But not ready for prime time as long-term survival still unknown

Treatment with a combination of vasopressin and methylprednisolone in patients experiencing in-hospital cardiac arrest significantly increased return of spontaneous circulation compared with placebo, according to a study published in JAMA. Effects of this combination treatment on long-term survival, however, are as yet unknown.

“In-hospital cardiac arrest occurs in approximately 2,000 patients each year in Denmark and 300,000 patients each year in the United States. Outcomes remain poor, with only approximately 25% surviving to hospital discharge in 2017 in the United States. Despite this low survival, there has been limited research focused on improving outcomes for this patient population,” wrote researchers led by Lars W. Andersen, MD, MPH, PhD, DMSc, of Aarhus University and Aarhus University Hospital, Denmark.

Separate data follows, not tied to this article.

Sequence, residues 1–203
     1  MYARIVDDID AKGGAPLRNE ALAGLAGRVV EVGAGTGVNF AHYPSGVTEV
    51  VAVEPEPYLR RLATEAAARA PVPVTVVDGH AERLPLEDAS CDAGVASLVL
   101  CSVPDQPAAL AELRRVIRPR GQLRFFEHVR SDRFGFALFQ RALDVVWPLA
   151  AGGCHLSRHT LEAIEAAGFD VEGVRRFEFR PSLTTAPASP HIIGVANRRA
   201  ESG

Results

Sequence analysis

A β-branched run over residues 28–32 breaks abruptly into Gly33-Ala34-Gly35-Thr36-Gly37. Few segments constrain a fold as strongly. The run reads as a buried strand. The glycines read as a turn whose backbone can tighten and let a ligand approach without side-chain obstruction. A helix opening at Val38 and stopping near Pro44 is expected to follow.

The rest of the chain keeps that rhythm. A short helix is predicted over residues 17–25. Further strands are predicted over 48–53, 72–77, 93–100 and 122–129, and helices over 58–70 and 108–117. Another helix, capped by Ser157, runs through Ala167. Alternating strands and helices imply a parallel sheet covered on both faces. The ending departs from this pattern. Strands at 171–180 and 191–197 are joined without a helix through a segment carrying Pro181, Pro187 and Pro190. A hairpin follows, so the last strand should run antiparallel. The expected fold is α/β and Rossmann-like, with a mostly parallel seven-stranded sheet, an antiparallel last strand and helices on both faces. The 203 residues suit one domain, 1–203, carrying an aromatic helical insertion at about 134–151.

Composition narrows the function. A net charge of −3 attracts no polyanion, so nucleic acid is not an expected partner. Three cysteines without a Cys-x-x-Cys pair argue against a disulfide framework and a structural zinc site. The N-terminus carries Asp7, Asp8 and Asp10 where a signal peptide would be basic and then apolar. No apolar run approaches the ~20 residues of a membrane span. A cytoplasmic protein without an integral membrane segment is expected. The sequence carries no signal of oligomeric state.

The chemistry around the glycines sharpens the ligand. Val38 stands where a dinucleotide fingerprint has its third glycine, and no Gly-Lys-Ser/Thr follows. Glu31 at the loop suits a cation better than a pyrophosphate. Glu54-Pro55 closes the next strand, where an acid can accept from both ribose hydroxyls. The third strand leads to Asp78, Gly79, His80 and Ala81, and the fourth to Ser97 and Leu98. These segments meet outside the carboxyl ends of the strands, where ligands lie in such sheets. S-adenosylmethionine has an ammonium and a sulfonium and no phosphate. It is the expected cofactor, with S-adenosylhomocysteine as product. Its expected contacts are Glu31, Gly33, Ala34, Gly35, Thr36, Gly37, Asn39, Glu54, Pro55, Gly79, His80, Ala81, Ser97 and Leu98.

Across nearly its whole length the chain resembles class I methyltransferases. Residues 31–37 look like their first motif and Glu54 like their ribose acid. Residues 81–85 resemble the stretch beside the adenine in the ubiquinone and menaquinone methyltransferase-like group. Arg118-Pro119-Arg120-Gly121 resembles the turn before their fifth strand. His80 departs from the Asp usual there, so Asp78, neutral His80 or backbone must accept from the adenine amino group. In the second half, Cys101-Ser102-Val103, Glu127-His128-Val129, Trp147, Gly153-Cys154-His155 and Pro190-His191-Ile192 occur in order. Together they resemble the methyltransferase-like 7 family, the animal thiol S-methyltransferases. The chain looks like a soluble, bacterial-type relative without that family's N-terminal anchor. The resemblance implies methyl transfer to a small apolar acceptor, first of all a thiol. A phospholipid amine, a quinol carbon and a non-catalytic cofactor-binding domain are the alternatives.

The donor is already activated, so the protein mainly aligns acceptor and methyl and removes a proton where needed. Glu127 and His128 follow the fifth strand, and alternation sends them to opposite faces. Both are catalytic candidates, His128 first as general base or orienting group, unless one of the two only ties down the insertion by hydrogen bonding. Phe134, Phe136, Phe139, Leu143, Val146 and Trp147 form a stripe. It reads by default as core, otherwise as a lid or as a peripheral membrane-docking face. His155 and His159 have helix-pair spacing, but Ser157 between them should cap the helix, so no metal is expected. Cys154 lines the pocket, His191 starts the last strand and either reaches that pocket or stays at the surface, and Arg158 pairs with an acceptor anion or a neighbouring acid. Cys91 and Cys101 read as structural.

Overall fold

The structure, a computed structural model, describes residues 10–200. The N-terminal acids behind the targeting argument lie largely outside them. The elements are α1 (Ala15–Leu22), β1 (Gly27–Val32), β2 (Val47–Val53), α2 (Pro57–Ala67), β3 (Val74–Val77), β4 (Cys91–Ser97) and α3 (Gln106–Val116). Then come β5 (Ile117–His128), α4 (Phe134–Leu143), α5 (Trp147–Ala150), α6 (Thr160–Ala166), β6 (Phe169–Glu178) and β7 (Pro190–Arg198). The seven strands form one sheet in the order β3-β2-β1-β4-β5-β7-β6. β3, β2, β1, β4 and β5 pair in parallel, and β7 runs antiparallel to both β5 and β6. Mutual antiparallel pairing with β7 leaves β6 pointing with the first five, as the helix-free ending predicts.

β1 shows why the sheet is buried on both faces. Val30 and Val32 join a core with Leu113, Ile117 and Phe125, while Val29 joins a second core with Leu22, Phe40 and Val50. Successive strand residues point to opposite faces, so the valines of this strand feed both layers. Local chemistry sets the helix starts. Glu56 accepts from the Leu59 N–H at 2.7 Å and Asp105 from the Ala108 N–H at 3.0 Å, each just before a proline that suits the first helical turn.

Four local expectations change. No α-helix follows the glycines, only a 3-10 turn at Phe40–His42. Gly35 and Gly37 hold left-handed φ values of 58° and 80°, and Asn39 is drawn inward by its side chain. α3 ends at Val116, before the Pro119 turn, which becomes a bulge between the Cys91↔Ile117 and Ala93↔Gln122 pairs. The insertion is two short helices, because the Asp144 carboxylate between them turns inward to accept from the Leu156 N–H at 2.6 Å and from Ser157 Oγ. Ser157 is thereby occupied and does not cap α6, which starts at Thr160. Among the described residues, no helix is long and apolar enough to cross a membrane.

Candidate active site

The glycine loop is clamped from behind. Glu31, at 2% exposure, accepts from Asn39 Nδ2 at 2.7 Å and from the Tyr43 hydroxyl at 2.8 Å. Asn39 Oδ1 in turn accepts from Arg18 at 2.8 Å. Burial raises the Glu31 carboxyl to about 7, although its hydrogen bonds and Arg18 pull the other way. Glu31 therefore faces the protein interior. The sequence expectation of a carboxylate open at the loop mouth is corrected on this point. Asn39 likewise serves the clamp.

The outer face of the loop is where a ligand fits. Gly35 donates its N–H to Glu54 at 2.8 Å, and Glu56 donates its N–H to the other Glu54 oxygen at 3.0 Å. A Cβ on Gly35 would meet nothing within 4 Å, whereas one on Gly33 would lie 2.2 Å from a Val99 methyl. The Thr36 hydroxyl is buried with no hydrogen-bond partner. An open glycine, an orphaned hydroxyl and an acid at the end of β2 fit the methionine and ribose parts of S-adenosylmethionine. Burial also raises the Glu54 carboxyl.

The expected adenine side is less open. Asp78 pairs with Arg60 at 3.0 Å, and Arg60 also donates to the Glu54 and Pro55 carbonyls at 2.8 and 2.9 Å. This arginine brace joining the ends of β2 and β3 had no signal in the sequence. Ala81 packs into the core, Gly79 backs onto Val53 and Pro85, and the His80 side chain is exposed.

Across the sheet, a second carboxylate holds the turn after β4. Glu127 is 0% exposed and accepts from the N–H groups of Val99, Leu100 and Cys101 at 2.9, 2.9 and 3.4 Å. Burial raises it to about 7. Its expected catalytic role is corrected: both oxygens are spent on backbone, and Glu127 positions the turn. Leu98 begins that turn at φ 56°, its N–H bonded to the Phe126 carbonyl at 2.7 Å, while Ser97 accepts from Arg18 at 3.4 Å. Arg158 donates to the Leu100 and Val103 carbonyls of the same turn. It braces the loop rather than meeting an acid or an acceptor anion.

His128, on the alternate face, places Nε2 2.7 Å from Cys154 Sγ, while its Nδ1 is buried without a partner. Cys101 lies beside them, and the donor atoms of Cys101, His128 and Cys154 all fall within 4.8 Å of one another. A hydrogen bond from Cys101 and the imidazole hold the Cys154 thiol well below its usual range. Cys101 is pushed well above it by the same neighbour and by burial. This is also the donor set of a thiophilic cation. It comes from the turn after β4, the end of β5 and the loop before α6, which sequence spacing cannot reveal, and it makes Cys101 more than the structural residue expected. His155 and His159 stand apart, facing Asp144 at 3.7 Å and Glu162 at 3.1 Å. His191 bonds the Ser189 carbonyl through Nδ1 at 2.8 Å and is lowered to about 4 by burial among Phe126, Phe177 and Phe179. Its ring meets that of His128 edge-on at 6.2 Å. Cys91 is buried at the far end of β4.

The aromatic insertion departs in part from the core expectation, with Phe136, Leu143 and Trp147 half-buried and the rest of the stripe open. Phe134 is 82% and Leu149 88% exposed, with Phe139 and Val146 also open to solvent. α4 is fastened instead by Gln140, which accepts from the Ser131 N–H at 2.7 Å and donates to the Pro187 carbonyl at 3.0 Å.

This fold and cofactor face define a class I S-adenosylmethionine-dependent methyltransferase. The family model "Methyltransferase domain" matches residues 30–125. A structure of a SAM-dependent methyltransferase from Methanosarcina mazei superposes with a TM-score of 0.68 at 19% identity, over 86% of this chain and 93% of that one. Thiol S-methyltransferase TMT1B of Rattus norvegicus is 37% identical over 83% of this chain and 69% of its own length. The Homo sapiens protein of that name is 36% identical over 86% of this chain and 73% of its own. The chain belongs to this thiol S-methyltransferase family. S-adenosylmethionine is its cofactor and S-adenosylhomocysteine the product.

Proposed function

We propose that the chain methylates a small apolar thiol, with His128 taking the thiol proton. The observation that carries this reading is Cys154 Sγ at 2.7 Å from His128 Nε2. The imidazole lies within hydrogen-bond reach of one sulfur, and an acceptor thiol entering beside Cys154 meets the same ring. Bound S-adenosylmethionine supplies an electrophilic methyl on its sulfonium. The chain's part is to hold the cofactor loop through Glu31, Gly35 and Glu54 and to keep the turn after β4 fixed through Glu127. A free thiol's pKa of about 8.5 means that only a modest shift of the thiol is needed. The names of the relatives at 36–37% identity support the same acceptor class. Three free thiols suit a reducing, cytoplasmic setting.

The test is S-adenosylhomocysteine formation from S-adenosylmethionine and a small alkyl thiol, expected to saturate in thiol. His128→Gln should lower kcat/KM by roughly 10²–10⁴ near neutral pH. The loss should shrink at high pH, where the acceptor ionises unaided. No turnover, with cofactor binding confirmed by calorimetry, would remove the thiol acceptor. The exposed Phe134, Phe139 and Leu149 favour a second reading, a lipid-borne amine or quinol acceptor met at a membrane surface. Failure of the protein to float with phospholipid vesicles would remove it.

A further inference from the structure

“Most recommendations for treatment of in-hospital cardiac arrest are extrapolated from the out-of-hospital setting. Drugs currently used during in-hospital cardiac arrest, when appropriate, includes epinephrine and amiodarone or lidocaine,” they added.

To further characterize the rationale behind the choice of combining vasopressin and methylprednisolone, Andersen told BreakingMED, “Two previous trials had shown promising results with the combination of vasopressin and steroids during in-hospital cardiac arrest. However, these trials were relatively small and external validation was therefore needed. Both drugs have properties that are theoretically beneficial during a cardiac arrest. Vasopressin is a potent vasoconstrictor and steroids have multiple effect including on the vasculature. It is also possible that they have a synergistic effect.”